It is sometimes thought that income-tax law is a technical and dry subject and concerns itself only with calculations. I am unable to subscribe to this view. If only you look up the law reports and examine the tax cases reported in them, you will find that there have been learned discourses by judges, based on illuminating arguments by counsel, about the fundamental principles of tax law, which are valid even now and you will find that there is nothing technical or dry about them. Those principles are as important, as valid and as interesting as those relating to any other branch of law civil or criminal law, property law, personal law, corporate law, partnership law, copyright law or the more recent cyber law or intellectual property law. Apart from this, one very important aspect which I must tell you about tax law in India is that it is one of those rare branches of law to which all other branches of law apply significantly and some of the leading cases concerning other branches of law have been decided in matters arising under the tax law. For example, the difference between the property law in India and that in England with particular reference to the question whether different persons could hold the land and the superstructure was applied in a tax matter as far back as 1933 in the case of Madras Cricket Club. The question whether a karta of a Hindu Undivided Family can enter into a partnership with strangers with the help of his self-acquired property, even while remaining joint with his coparceners, was finally settled in the affirmative by the Privy Council in 1948 in the case of Lachman Das. Complicated questions relating to Hindu Undivided Family and its properties, rights of coparceners and its karta, partition, throwing of self-acquired property into the family hotchpotch etc. have been decided by the Privy Council, the Supreme Court and High Courts in cases arising under the income-tax law. The difference between a coparcenary and a Hindu Undivided Family has been lucidly explained by the Supreme Court in several cases arising under the income-tax law. What happens when a joint family enters into a partnership with another joint family and how the number of partners is to be reckoned was an interesting question that was decided by the Supreme Court in Dulichand Laxminarayan. In the context of the question as to whether the share of profits received by a partner from the firm should be assessed as business income or under the residuary head, the Supreme Court had occasion to appIy the basic principle of partnership law, embodied in Sec. 4 of the Partnership Act, that when a firm is said to carry on business it is actually the partners who are carrying on the business. You will find in the law reports several leaned judgments as to the nature of the partnership, its reconstitution, dissolution, etc. and many of these judgments arose under the income-tax law. The principles of company law have been applied by the Supreme Court in several cases arising under the income-tax law in the context of deciding as to under what head of income the remuneration received by the director or managing director is to be assessed having regard to the relationship between the company and the managing director. If you are familiar with the expression business connection in the context of the evolving law of international taxation, then you should be aware that about 45-50 years ago the Supreme Court decided in the case of R.D. Agrawal & Co. as to what that expression signifies. It is interesting to note that the amendment made in the year 1988 to section 2(47) of the Income-tax Act to rope in transactions of the nature described in section 53A of the Transfer of Property Act has its seeds in the argument put forth by Mr. K.N. Rajagopala Sastri, appearing for the revenue before the Supreme Court in the case of Alapati Venkataramiah in 1965 23 years before the amendment was actually made to the effect that a transfer of possession after receiving consideration, without there being an actual registered document, is sufficient to attract capital gains tax. If you read some of the recent orders of the ITAT concerning international taxation and transfer-pricing issues, you will find proof of my statement in them. I would strongly appeal to those of you who want to make a mark in the field of taxation to read thoroughly the first 100 volumes of the Income Tax Reports and find for yourselves whether it is correct to say that income tax law is dry and technical!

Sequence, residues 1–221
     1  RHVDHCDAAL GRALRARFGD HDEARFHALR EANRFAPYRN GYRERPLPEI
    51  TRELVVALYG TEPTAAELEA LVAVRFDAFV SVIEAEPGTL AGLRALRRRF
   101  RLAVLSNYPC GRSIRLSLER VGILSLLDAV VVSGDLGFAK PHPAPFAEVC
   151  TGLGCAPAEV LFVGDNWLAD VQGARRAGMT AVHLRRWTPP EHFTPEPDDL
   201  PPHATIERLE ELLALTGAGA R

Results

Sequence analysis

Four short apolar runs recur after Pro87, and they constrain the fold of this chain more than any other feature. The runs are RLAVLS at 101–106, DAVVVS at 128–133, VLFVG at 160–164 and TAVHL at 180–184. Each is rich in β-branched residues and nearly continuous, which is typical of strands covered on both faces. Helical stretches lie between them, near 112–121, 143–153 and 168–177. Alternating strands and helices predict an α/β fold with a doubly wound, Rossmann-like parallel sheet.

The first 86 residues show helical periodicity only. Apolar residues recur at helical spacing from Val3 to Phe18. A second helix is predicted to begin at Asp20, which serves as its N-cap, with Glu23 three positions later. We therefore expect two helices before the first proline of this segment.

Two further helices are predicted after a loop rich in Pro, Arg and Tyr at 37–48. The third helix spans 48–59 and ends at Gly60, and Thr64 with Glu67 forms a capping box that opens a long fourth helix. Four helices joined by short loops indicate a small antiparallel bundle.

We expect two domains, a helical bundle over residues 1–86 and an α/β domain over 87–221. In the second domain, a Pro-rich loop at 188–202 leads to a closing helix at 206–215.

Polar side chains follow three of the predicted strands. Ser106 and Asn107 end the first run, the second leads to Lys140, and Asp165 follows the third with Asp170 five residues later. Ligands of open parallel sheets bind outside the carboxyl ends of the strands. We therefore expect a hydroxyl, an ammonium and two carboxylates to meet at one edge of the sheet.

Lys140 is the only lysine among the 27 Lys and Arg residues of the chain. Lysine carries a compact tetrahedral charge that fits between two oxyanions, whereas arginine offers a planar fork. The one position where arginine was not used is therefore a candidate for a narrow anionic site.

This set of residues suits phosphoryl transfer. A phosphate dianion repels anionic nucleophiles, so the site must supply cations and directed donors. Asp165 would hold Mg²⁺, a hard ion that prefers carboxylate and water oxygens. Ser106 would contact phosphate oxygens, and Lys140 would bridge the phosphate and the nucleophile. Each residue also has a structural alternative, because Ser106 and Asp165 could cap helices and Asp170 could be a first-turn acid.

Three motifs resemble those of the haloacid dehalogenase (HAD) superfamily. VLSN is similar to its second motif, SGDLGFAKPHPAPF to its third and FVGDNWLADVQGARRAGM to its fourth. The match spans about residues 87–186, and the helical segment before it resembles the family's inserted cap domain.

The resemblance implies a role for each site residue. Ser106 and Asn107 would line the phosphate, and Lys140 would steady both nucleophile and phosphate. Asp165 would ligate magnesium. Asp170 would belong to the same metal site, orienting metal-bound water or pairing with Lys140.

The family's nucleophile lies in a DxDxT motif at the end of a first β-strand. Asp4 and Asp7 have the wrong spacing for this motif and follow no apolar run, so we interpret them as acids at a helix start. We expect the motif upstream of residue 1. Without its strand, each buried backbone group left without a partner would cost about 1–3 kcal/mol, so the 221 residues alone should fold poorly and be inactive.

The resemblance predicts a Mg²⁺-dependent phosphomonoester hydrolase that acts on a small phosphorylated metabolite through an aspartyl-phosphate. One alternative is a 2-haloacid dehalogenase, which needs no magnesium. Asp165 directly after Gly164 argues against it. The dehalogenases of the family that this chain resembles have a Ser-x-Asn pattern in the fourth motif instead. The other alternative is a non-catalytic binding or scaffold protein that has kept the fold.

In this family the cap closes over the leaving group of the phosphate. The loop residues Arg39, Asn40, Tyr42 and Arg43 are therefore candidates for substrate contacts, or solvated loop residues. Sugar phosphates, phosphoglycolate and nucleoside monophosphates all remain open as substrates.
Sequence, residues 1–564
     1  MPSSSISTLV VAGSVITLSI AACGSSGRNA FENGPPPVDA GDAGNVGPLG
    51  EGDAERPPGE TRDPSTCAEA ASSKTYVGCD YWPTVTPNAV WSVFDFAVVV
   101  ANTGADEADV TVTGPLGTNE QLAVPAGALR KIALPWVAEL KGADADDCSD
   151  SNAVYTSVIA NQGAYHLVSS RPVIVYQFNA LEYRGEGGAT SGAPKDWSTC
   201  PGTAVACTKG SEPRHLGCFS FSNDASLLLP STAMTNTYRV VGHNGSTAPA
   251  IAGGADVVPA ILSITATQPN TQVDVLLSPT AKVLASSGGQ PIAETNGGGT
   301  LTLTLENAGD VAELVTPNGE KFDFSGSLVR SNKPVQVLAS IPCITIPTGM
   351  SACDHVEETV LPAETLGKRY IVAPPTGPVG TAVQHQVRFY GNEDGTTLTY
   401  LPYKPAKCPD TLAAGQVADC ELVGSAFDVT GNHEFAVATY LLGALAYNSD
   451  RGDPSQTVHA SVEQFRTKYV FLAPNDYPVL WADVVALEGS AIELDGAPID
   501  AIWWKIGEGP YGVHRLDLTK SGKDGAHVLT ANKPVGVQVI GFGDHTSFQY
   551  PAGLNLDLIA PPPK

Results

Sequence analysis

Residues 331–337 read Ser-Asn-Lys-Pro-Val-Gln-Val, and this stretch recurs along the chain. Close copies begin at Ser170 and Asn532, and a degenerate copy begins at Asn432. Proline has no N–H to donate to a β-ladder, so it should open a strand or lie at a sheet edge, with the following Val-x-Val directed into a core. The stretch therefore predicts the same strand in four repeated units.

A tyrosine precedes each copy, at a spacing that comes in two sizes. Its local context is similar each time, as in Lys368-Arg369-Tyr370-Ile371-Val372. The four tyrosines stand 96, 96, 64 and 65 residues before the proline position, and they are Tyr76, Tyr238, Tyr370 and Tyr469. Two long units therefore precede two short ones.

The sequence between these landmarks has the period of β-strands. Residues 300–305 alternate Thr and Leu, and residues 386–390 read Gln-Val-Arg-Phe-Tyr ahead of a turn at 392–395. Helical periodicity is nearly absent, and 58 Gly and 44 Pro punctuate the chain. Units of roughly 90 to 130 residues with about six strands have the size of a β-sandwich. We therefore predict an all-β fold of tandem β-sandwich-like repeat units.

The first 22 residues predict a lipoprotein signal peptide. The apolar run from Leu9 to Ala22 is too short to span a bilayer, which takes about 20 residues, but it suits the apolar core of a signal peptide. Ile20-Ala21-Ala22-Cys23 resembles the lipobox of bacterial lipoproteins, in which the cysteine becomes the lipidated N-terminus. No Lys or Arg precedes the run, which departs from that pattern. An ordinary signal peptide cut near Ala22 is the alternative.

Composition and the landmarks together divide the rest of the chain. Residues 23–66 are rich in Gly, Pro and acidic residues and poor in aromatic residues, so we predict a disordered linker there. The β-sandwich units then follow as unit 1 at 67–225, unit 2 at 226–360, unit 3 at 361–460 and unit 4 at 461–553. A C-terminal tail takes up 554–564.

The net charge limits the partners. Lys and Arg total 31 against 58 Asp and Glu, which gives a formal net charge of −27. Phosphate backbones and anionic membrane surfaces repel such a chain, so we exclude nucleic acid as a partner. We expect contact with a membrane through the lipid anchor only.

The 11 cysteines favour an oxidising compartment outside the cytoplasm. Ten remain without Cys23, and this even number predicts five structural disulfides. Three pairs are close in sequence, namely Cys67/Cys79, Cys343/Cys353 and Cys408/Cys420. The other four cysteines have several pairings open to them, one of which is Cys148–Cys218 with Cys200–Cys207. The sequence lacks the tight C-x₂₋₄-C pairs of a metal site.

I gave you those illustrations which immediately came to my mind and I mentioned them only to disprove the view held in some quarters that income-tax law is a technical and dry subject. There are not many branches of law with which so many other branches of law have interplay. Therefore, unless you are well-versed with the basic principles governing other branches of law, it will be difficult to come to grips with tax law and make an effective representation before the courts or the tribunals.